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http://dx.doi.org/10.1038/s41598-021-87295-8DOI Listing
http://www.ncbi.nlm.nih.gov/pmc/articles/PMC8032746PMC
April 2021

Effect of Tibial Tunnel Placement Using the Lateral Meniscus as a Landmark on Clinical Outcomes of Anatomic Single-Bundle Anterior Cruciate Ligament Reconstruction.

Am J Sports Med 2021 Apr 8:363546521999672. Epub 2021 Apr 8.

Department of Orthopaedic Surgery, University of Virginia, Charlottesville, Virginia, USA.

Background: It remains unclear if use of the lateral meniscus anterior horn (LMAH) as a landmark will produce consistent tunnel positions in the anteroposterior (AP) distance across the tibial plateau.

Purpose: To evaluate the AP location of anterior cruciate ligament (ACL) reconstruction tibial tunnels utilizing the LMAH as an intra-articular landmark and to examine how tunnel placement affects knee stability and clinical outcomes.

Study Design: Cohort study; Level of evidence, 3.

Methods: A retrospective review was conducted of 98 patients who underwent primary ACL reconstruction with quadrupled hamstring tendon autografts between March 2013 and June 2017. Patients with unilateral ACL injuries and a minimum follow-up of 2 years were included in the study. All guide pins for the tibial tunnel were placed using the posterior border of the LMAH as an intra-articular landmark. Guide pins were evaluated with the Bernard-Hertel grid in the femur and the Stäubli-Rauschning method in the tibia. Patients were divided by the radiographic location of the articular entry point of the guide pin with relation to the anterior 40% of the tibial plateau. Outcomes were evaluated by the Marx Activity Scale and International Knee Documentation Committee (IKDC) form. Anterior knee laxity was evaluated using a KT-1000 arthrometer and graded with the objective portion of the IKDC form. Rotational stability was evaluated using the pivot-shift test.

Results: A total of 60 patients were available for follow-up at a mean 28.6 months. The overall percentage of AP placement of the tibial tunnel was 39.3% ± 3.8% (mean ± SD; range, 31%-47%). Side-to-side difference of anterior knee laxity was significantly lower in the anterior group than the posterior group (1.2 ± 1.1 mm vs 2.5 ± 1.3 mm; < .001; = 0.51). The percentage of AP placement of the tibial tunnel demonstrated a positive medium correlation with side-to-side difference of anterior knee laxity as measured by a KT-1000 arthrometer ( = 0.430; < .001). The anterior group reported significantly better distribution of IKDC grading as compared with the posterior group (26 grade A and 6 grade B vs 15 grade A and 13 grade B; = .043; = 0.297). The pivot-shift test results and outcome scores showed no significant differences between the groups.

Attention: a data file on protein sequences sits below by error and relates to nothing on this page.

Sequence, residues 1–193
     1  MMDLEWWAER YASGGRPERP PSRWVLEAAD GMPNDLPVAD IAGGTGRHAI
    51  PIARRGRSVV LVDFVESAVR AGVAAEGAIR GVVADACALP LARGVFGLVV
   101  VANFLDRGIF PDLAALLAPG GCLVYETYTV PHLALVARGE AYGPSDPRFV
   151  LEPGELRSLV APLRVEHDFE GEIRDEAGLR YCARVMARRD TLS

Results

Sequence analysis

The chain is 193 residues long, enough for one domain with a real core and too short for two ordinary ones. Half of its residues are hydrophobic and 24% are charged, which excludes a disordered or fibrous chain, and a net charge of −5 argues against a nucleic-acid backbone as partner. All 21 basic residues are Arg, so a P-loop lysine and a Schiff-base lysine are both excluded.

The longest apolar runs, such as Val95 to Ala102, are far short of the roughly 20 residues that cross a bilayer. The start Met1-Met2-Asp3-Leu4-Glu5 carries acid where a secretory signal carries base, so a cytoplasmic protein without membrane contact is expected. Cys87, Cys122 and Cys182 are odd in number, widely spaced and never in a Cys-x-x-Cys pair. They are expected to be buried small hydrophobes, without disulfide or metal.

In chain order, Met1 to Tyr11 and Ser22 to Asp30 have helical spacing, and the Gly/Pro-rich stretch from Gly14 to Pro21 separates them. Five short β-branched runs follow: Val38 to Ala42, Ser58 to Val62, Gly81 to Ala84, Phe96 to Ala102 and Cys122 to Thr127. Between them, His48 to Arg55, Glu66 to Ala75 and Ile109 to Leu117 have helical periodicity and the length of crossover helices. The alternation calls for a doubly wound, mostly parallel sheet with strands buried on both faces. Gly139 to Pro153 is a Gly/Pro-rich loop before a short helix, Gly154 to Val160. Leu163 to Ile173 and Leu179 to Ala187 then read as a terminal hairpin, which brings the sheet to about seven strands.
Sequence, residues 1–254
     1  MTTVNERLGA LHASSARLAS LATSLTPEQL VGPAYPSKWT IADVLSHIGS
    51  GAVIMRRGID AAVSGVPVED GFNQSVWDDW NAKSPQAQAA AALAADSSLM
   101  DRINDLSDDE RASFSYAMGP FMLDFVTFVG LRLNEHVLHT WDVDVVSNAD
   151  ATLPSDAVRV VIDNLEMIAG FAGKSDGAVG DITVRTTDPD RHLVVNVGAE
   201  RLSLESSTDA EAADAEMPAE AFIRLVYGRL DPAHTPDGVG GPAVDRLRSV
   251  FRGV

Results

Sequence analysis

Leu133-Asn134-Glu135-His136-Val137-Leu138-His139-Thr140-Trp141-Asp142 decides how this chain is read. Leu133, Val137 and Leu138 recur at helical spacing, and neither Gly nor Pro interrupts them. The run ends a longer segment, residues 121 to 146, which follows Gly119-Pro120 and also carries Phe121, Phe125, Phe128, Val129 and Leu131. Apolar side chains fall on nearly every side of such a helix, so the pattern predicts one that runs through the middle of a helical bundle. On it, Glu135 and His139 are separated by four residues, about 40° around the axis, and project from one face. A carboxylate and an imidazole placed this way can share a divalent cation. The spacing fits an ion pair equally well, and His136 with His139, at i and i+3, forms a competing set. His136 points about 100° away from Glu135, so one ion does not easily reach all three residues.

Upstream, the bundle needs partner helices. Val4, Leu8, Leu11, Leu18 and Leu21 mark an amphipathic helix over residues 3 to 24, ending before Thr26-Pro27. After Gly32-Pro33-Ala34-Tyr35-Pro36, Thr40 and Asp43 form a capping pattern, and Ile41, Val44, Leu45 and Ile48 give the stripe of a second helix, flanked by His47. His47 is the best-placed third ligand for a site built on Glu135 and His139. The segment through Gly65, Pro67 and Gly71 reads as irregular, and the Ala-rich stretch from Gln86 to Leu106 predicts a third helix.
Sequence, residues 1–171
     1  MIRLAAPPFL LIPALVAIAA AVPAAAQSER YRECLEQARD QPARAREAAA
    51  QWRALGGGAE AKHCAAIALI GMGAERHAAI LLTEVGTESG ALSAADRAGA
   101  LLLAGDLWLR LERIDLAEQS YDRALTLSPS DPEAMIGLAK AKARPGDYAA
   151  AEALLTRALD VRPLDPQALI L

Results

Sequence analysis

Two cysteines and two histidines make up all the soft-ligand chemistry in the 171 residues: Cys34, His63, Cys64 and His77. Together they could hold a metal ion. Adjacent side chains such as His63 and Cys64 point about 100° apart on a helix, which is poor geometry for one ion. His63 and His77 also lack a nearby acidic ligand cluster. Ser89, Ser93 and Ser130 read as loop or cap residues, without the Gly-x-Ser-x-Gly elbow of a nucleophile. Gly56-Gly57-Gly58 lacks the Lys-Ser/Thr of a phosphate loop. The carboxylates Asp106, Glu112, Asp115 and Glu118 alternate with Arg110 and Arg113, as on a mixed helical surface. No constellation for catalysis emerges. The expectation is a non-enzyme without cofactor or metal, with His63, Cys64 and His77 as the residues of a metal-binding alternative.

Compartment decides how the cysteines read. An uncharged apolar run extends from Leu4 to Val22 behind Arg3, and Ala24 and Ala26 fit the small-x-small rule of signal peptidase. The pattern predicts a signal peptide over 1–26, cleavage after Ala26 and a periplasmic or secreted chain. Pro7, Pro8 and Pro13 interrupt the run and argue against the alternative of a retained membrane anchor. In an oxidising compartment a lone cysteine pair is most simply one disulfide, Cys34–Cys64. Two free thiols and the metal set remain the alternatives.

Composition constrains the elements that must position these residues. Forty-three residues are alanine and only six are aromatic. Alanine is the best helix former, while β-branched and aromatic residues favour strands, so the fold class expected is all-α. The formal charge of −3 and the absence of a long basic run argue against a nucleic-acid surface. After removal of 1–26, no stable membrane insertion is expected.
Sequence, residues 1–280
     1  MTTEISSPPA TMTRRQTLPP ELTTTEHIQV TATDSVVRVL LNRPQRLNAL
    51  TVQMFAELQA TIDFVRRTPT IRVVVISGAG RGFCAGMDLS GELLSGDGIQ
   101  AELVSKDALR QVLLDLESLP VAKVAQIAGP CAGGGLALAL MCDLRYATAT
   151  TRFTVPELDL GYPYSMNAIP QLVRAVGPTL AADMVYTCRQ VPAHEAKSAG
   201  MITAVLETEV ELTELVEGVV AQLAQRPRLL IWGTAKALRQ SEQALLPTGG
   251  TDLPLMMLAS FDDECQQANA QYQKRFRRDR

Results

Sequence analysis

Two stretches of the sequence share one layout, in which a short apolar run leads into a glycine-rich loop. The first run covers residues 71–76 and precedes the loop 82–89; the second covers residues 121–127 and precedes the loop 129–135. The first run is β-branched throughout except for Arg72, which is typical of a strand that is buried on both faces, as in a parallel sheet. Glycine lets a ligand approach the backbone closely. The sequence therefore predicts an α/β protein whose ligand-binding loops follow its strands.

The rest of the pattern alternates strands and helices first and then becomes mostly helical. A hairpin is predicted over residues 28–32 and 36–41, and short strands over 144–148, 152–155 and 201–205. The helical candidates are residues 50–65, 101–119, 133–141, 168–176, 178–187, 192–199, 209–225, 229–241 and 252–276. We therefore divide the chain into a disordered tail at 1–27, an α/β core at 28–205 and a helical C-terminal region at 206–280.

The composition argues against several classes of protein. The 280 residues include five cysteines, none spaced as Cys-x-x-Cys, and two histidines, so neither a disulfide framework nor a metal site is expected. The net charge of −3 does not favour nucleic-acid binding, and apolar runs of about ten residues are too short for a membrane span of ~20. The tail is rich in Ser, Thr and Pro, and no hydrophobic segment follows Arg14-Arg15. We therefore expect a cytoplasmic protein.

Conclusion: Using the posterior border of the LMAH as an intraoperative landmark yields a wide range of tibial tunnel locations along the tibial plateau, with anterior placement of the tibial tunnel leading toward improved anterior knee stability.
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http://dx.doi.org/10.1177/0363546521999672DOI Listing
April 2021

EVALUATING THE USE OF A BUTORPHANOL-AZAPERONE-MEDETOMIDINE FIXED-DOSE COMBINATION FOR STANDING SEDATION IN AFRICAN ELEPHANTS ().

J Zoo Wildl Med 2021 Apr;52(1):287-294

Wildlife Pharmaceuticals South Africa (Pty) Ltd, White River, 1240, South Africa.

This study investigated the use of a fixed-dose combination of 30 mg/ml butorphanol, 12 mg/ml azaperone, and 12 mg/ml medetomidine for the standing sedation of captive African elephants (). In total, seven females (mean age 19.6 yr; range 6-31 yr) and six males (mean age 33.5 yr; range 9-35 yr) were sedated. The estimated dose was 0.0005 ± 0.0001 ml/kg and 0.006 ± 0.001 ml/cm shoulder height, which resulted in a dose of 0.016 ± 0.002 mg/kg or 0.19 ± 0.04 mg/cm shoulder height butorphanol, 0.006 ± 0.0008 mg/ kg or 0.076 ± 0.015 mg/cm shoulder height azaperone, and 0.006 ± 0.0008 mg/kg or 0.076 ± 0.015 mg/cm medetomidine. First signs of sedation were observed within 3-10 min (mean 6 ± 2 min) after darting, and monitoring of the animals started on average at 24 ± 9 min after darting. No bradycardia was observed in any of the elephants (mean heart rate 40.0 ± 6.55 beats/min), although all the animals were mildly hypotensive (mean blood pressure 118.5/86 [94.5]). Rectal temperatures fell within acceptable ranges, and respiratory parameters were stable in all the animals throughout sedation and fell within the standard ranges reported for conscious, standing elephants. Only one elephant had clinically significant hypoxemia characterized by a partial pressure of oxygen (PaO) < 60 mm Hg. This elephant was also hypercapnic (PaCO > 50 mm Hg), although pH and peripheral capillary oxygen saturation fell within acceptable ranges. None of the elephants reacted to moderately painful stimuli while sedated. The combination was reversed with intramuscular injections of naltrexone (1 mg for every 1 mg butorphanol) and atipamezole (5 mg for every 1 mg medetomidine). Recovery was smooth and calm in all the animals. Time from injection of the reversals until the first signs of recovery was 4.6 ± 2.01 min (range 1-8 min).